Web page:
November 28 2012 05:58PM
This afternoon saw Forbes release its annual appraisal of NHL franchise valuations and financial performance, and since this edition marks Winnipeg's first real appearance in the listings, it seems a good idea to have a closer look at the numbers.
First off, it's always wise to offer a disclaimer or two when discussing Forbes' handiwork. There are a few caveats that I'll get into as I go, the most important of which is that NHL teams don't offer public examination of their books, so the revenue figures are usually best guesses that the league quickly poo-poos. Still, as an ordinal of sorts to rank teams' financial wherewithal, it has some merit. By that measure, Winnipeg's return to the NHL was a hit, at least at the box office.
November 28 2012 02:28PM
If you’ve had difficulty getting your head around the numbers being tossed around during the NHL lockout regarding the financial situations the league’s 30 teams find themselves in, there’s good reason – at least if you look at the numbers published in Forbes Magazine today.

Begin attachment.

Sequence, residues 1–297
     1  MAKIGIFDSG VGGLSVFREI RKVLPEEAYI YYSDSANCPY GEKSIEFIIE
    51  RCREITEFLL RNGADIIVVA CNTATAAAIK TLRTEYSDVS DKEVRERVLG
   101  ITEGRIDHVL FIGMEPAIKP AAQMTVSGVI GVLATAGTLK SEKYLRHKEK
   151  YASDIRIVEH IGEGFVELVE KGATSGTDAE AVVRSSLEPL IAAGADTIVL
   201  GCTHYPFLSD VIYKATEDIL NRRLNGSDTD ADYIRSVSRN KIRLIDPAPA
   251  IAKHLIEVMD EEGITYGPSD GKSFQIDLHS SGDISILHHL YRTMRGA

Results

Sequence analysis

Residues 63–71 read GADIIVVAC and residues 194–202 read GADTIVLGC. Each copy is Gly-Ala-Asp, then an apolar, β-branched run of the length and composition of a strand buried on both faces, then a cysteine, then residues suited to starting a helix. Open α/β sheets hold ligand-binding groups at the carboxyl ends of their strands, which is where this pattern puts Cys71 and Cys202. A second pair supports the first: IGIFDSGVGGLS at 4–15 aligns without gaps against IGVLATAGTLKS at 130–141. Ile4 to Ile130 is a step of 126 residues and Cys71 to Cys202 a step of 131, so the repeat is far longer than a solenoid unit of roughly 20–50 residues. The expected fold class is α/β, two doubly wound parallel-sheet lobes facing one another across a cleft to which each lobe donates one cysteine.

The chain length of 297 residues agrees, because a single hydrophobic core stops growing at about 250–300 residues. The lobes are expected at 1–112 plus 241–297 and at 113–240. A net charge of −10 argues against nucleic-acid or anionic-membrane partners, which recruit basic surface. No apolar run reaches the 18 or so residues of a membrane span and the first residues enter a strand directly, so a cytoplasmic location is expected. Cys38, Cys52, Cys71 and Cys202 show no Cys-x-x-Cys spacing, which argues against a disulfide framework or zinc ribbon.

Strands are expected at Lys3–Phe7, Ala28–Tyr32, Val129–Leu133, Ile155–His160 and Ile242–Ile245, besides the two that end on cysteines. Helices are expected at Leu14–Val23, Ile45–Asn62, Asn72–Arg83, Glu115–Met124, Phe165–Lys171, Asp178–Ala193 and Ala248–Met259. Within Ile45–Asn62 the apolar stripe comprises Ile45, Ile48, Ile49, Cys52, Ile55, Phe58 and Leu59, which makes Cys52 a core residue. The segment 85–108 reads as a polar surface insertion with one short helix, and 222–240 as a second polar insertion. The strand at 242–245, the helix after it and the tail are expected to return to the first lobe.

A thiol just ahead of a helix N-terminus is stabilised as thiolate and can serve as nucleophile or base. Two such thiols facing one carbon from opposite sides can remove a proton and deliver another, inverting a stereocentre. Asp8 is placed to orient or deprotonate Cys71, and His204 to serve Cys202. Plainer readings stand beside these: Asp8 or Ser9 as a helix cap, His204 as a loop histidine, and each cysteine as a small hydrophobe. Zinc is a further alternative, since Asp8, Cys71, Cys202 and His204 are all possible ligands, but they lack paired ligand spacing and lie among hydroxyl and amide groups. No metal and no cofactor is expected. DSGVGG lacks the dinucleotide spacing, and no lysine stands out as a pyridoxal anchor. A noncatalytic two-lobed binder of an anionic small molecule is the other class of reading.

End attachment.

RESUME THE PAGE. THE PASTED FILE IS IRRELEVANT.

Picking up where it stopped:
November 28 2012 12:29PM
Forbes annual look at the business of hockey was released on Wednesday, and if their estimates are accurate Canadian NHL teams are far and away the healthiest group of franchises in the game.
November 27 2012 06:03PM
Just a little KHL Update today, but sometimes the best gifts come in small packages!... OK, I think all this early Christmas music is starting to take its toll.
November 27 2012 12:08PM
Jeremy Roenick scored 513 goals and 1216 points in 1363 games. In his first 15 seasons he was a point-a-game player scoring 1,124 points in 1,120 games, but then the lockout hit. He'd already played 15 years and it's likely he was going to slow down, but a full season off, where he admittedly didn't train that hard, combined with a serious concussion from a Boris Mironov slapshot to the face saw Roenick's career stats wind down quicker than other elite scorers.
He scored 96 points in his final four seasons, 239 games, so some younger fans never got to see a true reflection of Roenicks' skill. He was a dynamic player. He scored 50 twice, had three 100-point seasons, and he played with an edge.
He had 38 regular season fights, and two preseason fights in his career, and he fought guys like Marty McSorley, Craig Berube, Jeff Odgers, Scott Walker and Matthew Barnaby. He didn't just fight scorers, and the league was different when he broke in. If you were going to run around and hit guys, even if you were a star, you'd have to fight your own battles. Sadly, that isn't the case today.